Have you ever wondered why the airplane tickets cost so expensive? One of the reasons is because the fuel used by airplane is also expensive. We just cannot create something expensive like jet fuel out of thin air, right? Or can we?
We have to take a look at the research done by researchers at sixth best university in the world, ETH Zurich, to find out the answer. Even though the answer is still no by default, but if you put some contexts (like sunlight and carbon dioxide) the answer might become yes.
What actually are we talking about? Well, this is an innovation that cannot be missed because this can be the part of our cleaner future. We are talking about how the researchers are able to create jet fuel from only sunlight and the air.
Want to know more about this innovation? Follow through.
Fuel from Thin Air
What we are going to talk about is almost similar to magic. The only difference is, this thing is actual science from researchers at ETH Zurich. The researchers literally developed a unit that can capture air and turn it into fuel that can be used for airplane.
The fuel produced by this process does not add more carbon dioxide to the air, because it releases the exact same amount of carbon dioxide as absorbed during the production process. Thus, we can say that this fuel is greener than conventional airplane fuel.
This study has been carried by a group of researchers led by Prof. Aldo Steinfeld of Renewable Energy Sources at ETH Zurich. Steinfeld and his team have been operating this machine on top of the university’s Machine Laboratory building for over than two years.
“This plant successfully demonstrates the technical feasibility of the entire thermochemical process for converting sunlight and ambient air into drop-in fuels,” he said. “The system operates stably under real-world solar conditions and provides a unique platform for further research and development.”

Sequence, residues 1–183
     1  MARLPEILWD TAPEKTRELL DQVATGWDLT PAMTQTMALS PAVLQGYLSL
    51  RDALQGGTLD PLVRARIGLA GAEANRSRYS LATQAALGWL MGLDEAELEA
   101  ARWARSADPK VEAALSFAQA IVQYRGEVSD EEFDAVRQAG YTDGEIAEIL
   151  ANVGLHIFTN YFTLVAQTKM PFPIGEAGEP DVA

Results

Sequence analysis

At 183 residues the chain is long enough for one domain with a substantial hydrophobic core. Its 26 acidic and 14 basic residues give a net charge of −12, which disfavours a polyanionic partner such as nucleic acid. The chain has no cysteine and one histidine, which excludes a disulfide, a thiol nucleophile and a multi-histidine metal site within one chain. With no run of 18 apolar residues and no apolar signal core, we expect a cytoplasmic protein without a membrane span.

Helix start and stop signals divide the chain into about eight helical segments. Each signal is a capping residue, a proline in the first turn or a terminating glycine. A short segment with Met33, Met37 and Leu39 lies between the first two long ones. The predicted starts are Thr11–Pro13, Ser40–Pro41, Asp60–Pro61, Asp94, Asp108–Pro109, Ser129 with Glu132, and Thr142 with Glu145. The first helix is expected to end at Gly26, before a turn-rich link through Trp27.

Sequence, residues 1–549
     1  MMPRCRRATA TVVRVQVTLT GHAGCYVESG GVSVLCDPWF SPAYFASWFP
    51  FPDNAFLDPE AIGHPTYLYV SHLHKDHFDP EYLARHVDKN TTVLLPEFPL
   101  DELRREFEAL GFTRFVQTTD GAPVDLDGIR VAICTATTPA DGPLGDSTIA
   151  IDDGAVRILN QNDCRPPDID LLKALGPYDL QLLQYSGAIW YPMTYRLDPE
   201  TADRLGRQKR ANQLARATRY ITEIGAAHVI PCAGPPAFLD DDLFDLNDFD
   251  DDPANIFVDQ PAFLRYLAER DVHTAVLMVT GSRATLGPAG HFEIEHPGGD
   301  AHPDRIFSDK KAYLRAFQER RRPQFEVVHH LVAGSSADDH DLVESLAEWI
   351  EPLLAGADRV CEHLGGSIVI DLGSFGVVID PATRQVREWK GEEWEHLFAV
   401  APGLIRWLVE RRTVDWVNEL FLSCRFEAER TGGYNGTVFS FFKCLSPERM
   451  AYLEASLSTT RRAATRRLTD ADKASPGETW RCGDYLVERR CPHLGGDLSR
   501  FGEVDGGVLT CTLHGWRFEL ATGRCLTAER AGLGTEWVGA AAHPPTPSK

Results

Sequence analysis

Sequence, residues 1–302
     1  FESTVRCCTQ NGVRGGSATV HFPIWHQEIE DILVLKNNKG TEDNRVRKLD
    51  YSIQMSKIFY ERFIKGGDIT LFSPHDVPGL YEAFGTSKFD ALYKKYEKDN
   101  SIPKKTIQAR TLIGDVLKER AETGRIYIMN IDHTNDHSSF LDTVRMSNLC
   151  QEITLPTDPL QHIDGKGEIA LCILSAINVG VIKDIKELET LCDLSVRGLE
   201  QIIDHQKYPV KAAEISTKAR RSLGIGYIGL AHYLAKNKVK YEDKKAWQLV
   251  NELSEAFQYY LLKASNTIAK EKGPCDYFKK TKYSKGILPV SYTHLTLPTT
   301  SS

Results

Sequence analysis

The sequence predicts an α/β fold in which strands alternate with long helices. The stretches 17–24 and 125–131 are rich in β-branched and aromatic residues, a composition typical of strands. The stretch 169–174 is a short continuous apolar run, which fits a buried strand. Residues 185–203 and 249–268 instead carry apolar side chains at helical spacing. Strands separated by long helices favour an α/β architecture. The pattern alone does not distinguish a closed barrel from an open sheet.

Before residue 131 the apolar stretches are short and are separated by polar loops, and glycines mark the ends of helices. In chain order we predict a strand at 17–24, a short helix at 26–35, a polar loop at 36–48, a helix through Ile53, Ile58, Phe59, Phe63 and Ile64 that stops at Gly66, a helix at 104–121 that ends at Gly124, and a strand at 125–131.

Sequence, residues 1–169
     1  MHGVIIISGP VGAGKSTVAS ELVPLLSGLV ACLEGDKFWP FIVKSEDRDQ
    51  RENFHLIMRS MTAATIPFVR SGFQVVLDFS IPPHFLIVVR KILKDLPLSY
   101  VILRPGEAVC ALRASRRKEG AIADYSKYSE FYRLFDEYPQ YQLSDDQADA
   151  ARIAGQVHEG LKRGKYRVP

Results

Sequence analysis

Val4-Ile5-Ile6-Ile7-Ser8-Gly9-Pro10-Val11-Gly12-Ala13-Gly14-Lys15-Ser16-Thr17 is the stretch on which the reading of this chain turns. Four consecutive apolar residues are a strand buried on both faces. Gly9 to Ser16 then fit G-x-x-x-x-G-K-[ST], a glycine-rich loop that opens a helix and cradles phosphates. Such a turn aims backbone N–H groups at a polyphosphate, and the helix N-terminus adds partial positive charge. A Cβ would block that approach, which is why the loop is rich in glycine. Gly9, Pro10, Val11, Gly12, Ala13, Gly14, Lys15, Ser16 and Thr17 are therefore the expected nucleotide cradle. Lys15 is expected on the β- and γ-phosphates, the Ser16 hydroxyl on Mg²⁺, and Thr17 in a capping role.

How Does It Work?
So here is how the ‘refinery’ works. First thing first, the refinery will capture carbon dioxide and water from the air and transport them into one of two solar reactors. There, the captured carbon dioxide and water will be turned into carbon monoxide and hydrogen.
The method used by the researchers includes using parabolic dish reflector to capture sunlight and focuses it into one of the reactors. This parabolic dish reflector can reach the temperature of 3000 degrees Celsius, making the chemical reaction possible to happen.
While one reactor is working with the sunlight, the other reactor is performing oxidation with the same ingredients which is water and carbon dioxide. This way, the two reactors can work in parallel and maximizes the output.
“While one reactor performs the reduction with solar energy, the second reactor is performing the oxidation with water and CO2. We apply both temperature and pressure swings to maximize the oxygen exchange capacity of cerium oxide, and thereby the fuel yield per cycle,” said Prof. Steinfeld.
The final step includes processing the carbon monoxide and hydrogen harvested from previous actions with commercial catalyst and turns them into methanol. During this process, the researchers can also turn the synthetic natural gas mixture (syngas) into hydrocarbon fuels like kerosene.